And the lack of core classes was due to the only male PE class being offered at the same time during second semester, and he can just take Biology when it’s offered again, either sophomore or junior year.

I look at this schedule with these long-titled classes that last an hour and a half, and I know there will be no parapro, and I start to get a little queasy with all the what-ifs racing through my brain.IMG_5643

My constant refrain seems to be “How does this work?” And I have to let go. I have to trust that it will be fine. I have to give this new set of teachers a chance to prove they know what they are doing and that they are professionals.

And while I do that, I am preparing my own “curriculum” of supplementary stuff to help him find some meaning in his day, just in case “Sports & Entertainment Marketing” isn’t quite up his alley. Like maybe a coding workshop, and some time spent feeding some animals at the wildlife shelter.

“Thinking will not overcome fear but action will.” ~ W. Clement Stone

It’s Going OK, I Think

The Boy went to band camp for three hours on Monday evening, and it went ok, I think. I never know for sure, because he isn’t quite verbal. But a friend’s son said he did “pretty good,” for which I thanked him – I’d have no idea without that concise report.

He was excited to go – gave me no problems leaving summer day camp, and was patient when the plan changed slightly (the band was not in the cafeteria when he arrived, as expected). We waited for them to finish rehearsal on the practice field, and then located his friend. I told him to hang out with him, he would show The Boy where to go and what to do, and then I left.

It was a weird feeling. We’re not used to this organized activity thing.

I went back to pick him up a few hours later, and was glad to see I wasn’t the only parent unsure of the protocol. Do we stand by our cars and wait? Do we approach the field as they are finishing up? Do we halfheartedly check Facebook in our cars while watching for our children out of the corner of our eyes?

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While I didn’t want to embarrass him, I ended up waiting until they were released and waiting by the edge of the field to make sure he remembered to grab all of his things.

And it worked out ok. He was happy, grabbed all of his stuff, and when he came home, practiced his tuba for a bit more, no doubt scripting the band director cues and admonitions (because incorrect articulations are an obsession, right now).

I hope this continues. I hope he can get the feeling of belonging that comes with being in a group like this. I hope we’ve worked out a decent compromise. I think it’s going to be ok.

 

There’s Hope Here

I spoke with the band director about band camp next week. Originally, he had said he wanted The Boy there, which would mean a 12 hour day and missing the last week of Summer Day Camp. The Boy put the kibosh on that, but agreed to go after day camp. I asked him if he understood that meant a change in his routine – he would have no time at Grammy’s for the week, and would add an additional three hours to an already long day. He assured me twice that he could handle it.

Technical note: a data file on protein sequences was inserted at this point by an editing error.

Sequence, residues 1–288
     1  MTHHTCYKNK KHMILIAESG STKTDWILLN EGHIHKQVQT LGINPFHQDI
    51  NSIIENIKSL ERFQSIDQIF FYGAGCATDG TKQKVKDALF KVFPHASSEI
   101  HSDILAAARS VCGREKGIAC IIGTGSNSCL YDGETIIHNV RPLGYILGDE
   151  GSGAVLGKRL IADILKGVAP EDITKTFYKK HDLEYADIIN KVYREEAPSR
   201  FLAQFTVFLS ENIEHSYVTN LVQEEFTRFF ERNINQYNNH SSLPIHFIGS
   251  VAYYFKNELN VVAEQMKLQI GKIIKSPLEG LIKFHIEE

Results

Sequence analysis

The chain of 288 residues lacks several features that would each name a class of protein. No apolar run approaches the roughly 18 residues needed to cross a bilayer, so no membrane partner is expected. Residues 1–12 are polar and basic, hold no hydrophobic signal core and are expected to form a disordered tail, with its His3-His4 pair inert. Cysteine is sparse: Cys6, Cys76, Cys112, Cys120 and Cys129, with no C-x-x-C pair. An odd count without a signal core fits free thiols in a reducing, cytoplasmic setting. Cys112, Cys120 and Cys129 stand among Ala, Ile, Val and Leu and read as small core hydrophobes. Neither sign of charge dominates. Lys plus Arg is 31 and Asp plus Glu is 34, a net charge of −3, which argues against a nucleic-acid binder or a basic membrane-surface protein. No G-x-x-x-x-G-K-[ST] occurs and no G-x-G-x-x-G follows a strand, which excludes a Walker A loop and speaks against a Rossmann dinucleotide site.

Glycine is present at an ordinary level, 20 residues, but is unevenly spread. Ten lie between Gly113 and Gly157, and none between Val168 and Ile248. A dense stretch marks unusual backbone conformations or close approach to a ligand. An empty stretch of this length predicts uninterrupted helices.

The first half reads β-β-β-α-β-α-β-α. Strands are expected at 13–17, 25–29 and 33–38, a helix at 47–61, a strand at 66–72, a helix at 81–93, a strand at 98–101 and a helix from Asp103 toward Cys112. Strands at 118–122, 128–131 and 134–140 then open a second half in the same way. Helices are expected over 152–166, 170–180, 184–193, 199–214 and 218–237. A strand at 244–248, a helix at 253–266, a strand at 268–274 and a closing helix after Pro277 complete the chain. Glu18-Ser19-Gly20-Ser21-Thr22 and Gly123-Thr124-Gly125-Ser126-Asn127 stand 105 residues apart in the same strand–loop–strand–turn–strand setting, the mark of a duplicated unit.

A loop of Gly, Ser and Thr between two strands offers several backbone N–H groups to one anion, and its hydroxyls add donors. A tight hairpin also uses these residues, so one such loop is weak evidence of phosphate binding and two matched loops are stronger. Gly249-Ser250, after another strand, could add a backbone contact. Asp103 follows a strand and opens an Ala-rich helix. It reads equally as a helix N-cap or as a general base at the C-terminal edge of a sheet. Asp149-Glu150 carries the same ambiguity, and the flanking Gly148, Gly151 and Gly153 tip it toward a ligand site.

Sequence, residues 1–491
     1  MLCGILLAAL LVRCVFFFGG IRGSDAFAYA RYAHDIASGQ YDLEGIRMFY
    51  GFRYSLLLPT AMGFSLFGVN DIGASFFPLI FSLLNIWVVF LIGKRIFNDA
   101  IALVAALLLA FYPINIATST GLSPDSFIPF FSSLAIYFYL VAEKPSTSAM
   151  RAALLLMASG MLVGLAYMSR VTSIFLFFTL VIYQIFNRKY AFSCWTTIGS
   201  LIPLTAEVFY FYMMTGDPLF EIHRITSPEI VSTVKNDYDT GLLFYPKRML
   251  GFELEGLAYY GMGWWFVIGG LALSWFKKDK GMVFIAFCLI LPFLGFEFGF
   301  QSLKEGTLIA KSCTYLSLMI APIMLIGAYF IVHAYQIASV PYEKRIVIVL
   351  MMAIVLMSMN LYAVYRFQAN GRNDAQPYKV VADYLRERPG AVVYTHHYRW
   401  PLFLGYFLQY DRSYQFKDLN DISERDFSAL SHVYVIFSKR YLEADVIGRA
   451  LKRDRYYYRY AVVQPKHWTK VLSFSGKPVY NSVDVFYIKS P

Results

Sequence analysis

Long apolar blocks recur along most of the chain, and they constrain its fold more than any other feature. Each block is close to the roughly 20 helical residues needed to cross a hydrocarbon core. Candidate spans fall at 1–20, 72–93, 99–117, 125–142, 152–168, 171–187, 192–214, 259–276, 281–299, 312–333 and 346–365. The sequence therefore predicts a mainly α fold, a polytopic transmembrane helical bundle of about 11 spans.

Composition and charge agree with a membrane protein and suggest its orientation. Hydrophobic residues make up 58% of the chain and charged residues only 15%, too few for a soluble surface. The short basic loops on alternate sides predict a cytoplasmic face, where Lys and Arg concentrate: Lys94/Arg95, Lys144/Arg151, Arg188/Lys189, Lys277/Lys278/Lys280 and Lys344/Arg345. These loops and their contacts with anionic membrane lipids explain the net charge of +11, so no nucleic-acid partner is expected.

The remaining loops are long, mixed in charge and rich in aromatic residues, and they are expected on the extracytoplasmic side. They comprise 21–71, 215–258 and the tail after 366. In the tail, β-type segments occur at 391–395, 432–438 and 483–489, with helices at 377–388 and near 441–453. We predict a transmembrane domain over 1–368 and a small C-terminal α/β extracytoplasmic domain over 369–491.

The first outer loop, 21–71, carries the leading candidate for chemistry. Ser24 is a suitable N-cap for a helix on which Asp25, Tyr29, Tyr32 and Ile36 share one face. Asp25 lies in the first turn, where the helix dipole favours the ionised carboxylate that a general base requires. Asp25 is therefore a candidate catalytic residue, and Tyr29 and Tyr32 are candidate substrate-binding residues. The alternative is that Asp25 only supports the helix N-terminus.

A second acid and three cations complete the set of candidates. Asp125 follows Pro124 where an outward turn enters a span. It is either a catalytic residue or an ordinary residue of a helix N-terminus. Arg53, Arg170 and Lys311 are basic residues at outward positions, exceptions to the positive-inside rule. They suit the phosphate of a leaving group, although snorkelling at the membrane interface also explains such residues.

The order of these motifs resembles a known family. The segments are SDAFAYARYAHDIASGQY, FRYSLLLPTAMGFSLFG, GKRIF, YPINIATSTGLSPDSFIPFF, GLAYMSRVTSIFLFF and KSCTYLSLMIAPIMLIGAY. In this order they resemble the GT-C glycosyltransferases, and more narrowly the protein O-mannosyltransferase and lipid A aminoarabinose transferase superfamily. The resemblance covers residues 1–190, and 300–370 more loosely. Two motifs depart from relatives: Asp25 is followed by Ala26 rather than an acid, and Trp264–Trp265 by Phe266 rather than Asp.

When I spoke with the band director, I told him the schedule The Boy would follow, and he seemed to understand. I asked him about a few logistical details, and if there would be an upperclassman or someone who could help The Boy keep track of what he is supposed to do. He responded with the name of an adult supervisor who had helped The Boy’s friend last year, and would be very helpful to The Boy – he had already made arrangements for this, which impressed me.

Finally, I asked if it would be helpful for me to come in and talk to the kids about autism, and at first he said that the kids already had some experience with The Boy’s friend. I responded that The Boy is a different kid, and that we sometimes expect kids to know how to react when they really have no frame of reference. He really liked the idea, suggesting I come in after the school year has started.

So I have renewed hope for this enterprise. The band director seems much more open than the directors we’ve previously encountered. He has some learning to do, clearly (Rule #1 of autism: If you’ve met one kid with autism, you’ve met one kid with autism), but seems to know there’s room to grow there.

I just texted my friend, mom to The Boy’s friend and his twin brother who will be in their second year of marching band this year, asking if they would save him a spot at dinner, which is just about the time The Boy will arrive to band camp each day. She said The Boy’s friend and his brother have already indicated that they plan to “look after him,” which warms my heart and gives me even more hope. Maybe this will work our after all…

 

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P.S. The ex actually sent me a check to pay for band camp… Will wonders never cease!